The Roving Diner: Cafe Regis in Red Lodge, MT


I am going to take a break this week from my regular blog (the sauté classes will resume in a couple of weeks) to tell you about some of the places that Amy and I ate on our recent road trip to Billings and parts thereabout. I probably wouldn’t have thought too much about it especially after the first night of mediocre Chinese food in Helena but there were three other places that really stood out for various reasons, all deserving of a mention.

As most of you know I am an Italian chef. I am not one of those hyper-critical “take no prisoners” type of chef, that believes if I didn’t do it, it can’t be good. I want to enjoy myself when I go out to eat. Even if it isn’t the best, unless a meal is poorly prepared, or the service is incredibly bad or there is something that really strikes me as wrong, I will rarely say anything to the negative.

That being said, the same is true in reverse. If I find something that I like, I certainly want to let folks know, not only that I liked or disliked it, but why.

First off comes the Café Regis in Red Lodge.  Pronounced the way you would pronounce the word register (without the ter).

It started as a grocery store many years ago called the Old Town Grocery and was owned by the Regis family. It was one of three grocers in the neighborhood was located between the two coal mines that used to operate in Red Lodge. In the early 1940s, they moved the old store and built a new one calling it the New Old Town Grocery. Whether, because it might have confused some or for some other reason they renamed it the Regis Grocery.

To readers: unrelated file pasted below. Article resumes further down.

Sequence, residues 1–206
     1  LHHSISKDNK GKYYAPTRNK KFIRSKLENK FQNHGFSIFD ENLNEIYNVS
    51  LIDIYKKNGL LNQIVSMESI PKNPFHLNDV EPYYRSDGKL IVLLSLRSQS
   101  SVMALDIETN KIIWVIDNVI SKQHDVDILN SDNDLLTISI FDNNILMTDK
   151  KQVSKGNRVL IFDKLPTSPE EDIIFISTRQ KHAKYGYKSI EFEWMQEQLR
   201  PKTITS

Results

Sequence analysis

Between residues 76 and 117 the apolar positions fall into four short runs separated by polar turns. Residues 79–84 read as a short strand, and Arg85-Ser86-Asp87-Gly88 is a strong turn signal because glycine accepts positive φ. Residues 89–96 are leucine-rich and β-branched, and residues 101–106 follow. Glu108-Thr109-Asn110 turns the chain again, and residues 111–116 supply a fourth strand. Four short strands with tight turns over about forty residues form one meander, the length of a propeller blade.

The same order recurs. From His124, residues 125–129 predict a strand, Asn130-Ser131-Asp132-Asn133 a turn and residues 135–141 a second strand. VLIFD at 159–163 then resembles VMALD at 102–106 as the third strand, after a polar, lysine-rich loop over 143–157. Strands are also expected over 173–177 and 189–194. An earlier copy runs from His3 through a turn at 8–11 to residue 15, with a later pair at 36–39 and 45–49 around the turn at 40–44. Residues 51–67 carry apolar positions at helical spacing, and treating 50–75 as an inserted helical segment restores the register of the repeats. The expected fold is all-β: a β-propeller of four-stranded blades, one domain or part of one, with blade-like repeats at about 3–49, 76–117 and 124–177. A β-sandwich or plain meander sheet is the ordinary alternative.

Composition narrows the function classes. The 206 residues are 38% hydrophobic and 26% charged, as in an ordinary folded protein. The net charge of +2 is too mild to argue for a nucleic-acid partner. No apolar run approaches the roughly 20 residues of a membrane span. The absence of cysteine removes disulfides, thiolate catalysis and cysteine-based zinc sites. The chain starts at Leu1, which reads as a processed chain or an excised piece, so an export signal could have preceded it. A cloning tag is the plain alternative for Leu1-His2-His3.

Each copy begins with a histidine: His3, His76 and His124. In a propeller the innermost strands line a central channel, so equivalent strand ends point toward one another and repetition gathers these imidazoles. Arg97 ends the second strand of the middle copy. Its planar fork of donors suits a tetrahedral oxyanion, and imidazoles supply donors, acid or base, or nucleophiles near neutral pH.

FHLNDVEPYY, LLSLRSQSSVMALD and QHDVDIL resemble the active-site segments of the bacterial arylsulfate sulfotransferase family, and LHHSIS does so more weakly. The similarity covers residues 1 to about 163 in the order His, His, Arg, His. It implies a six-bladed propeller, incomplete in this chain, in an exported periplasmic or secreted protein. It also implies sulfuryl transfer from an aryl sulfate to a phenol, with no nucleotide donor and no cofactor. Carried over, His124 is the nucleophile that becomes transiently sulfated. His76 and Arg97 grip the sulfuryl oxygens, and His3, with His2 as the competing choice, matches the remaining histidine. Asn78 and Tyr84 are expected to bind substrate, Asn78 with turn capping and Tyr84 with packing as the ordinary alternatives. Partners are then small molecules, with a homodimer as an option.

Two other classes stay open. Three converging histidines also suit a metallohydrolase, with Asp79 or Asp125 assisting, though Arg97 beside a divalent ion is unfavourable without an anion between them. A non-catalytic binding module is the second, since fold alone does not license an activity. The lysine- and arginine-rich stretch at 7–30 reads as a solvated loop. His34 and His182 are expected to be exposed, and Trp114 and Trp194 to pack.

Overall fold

Owners Martha Young and Gary Ferguson bought the place in part because they were enamored by the old neon sign, which while it still says “Grocery”, and they do offer a variety of organic and natural groceries, it is a café open for breakfast and  lunch and for special dinners or meetings in the evening. The word Café was added on the side of the building but the old sign remains unchanged.

Depending on where you park, your first clue to what you are about to experience may be the greenhouses around the side, just past the patio and in back.

The greenhouses in back of the Regis Cafe allow owners Martha Young and Gary Ferguson to grow many of their own herbs and vegetables that are used in the restaurant nearly year-round.

We were guests at a Town Hall style meeting that followed a dinner that consisted of a wonderful Lasagna, Tossed Salad, Homemade Ciabatta and Tapioca for dessert prepared by Martha and her ace right hand Nancy. Martha told me with a wry smile that suggests she is half kidding, that had she known I was going to be there she would have done Mexican. Whether serious or not she need not worry. Her food was delicious from beginning to end. When you start with great ingredients, your odds of success increase exponentially. Her flavors were right on the mark.

Owner Martha Young (on right) and her assistant Nancy.